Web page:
Francesco Tristano | Piano 2.0 2020

Francesco Tristano | Piano 2.0 2020

July, 2020

Dublin City Gallery Hugh Lane, Dublin, Ireland

About This Festival

The extraordinary talent that is Francesco Tristano will perform in Dublin for the very first time this summer, bringing his exhilarating Piano 2.0 show to the National Concert Hall on July 27th, as part of The Dublin International Piano Festival 2017.

An unmissable show for fans of both classical and electronic music, Piano 2.0 is an energetic culmination of one artist’s obsession and virtuosity, that is undoubtedly one of the highlights of this year’s festival.

Tristano trained as a classical pianist at the esteemed Juilliard School in Manhattan, and the great city of New York in the late 1990s was where his obsession with electronic music began. His desire to merge his love of classical piano and dance music resulted in the genre-defying debut Not For Piano in 2007, which incorporated covers from the iconic Detroit house and techno scenes including the classic ‘Strings Of Life’ by Derrick May.

“The fact is, Bach can sound great played on synthesisers, too, so why would Carl Craig or Derrick May’s music not sound great on a piano?” remarked Tristano. No stranger to cross-genre collaboration, Tristano has worked with both May and Craig; most recently on the latter’s album Versus. He will perform the solo version of the album highlight ‘The Melody’ in Piano 2.0.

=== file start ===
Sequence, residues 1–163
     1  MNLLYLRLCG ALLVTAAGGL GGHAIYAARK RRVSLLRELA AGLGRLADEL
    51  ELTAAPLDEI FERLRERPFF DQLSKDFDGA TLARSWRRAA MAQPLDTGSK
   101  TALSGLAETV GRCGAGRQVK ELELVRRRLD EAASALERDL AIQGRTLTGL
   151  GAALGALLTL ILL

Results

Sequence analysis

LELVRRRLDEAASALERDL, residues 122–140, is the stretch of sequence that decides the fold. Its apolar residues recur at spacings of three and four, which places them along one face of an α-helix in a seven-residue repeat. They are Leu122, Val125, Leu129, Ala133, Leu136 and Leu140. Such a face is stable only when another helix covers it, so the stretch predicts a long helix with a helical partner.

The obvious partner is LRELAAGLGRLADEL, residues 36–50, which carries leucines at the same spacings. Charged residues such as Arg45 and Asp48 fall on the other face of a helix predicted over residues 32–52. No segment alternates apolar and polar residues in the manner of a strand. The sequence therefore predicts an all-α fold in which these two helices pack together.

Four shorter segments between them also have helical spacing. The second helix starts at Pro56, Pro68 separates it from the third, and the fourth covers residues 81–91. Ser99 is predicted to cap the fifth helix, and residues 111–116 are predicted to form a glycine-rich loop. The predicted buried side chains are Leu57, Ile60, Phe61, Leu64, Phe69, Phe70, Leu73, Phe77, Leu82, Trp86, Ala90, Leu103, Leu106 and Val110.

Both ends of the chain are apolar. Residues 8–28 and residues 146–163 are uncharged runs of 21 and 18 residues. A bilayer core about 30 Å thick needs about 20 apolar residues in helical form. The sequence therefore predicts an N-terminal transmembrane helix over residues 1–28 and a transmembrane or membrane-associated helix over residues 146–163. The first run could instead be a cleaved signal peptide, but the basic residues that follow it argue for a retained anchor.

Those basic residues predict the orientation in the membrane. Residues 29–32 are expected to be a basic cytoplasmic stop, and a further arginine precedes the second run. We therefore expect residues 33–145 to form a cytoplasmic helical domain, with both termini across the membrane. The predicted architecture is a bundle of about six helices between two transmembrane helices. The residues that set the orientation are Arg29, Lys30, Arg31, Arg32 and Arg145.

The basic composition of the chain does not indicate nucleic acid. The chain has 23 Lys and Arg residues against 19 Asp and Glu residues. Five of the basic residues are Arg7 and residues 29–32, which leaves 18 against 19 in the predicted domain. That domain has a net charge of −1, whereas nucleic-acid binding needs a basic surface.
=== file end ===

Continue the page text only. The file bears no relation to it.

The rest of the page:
A master of sonic experimentation, combining pianistic perfection and earth-shattering electronic textures, Tristano’s work is continuously evolving and defying the expectations of the music world. Amongst the scores of Johann Sebastian Bach, Frescobaldi, Rameau and others, Tristano adds layers of magical minimalism with the latest production tools, sequencers and synthesisers.

The Sony recording artist possesses the ability to highlight common elements of both Baroque piano styles and electronic music, creating mesmerising work where the two meet. His commitment to innovation makes him one of the most exciting pianists working today. It’s rare to find a classical artist influenced by both Bach and Daft Punk. For him, the classification of music is far too restrictive.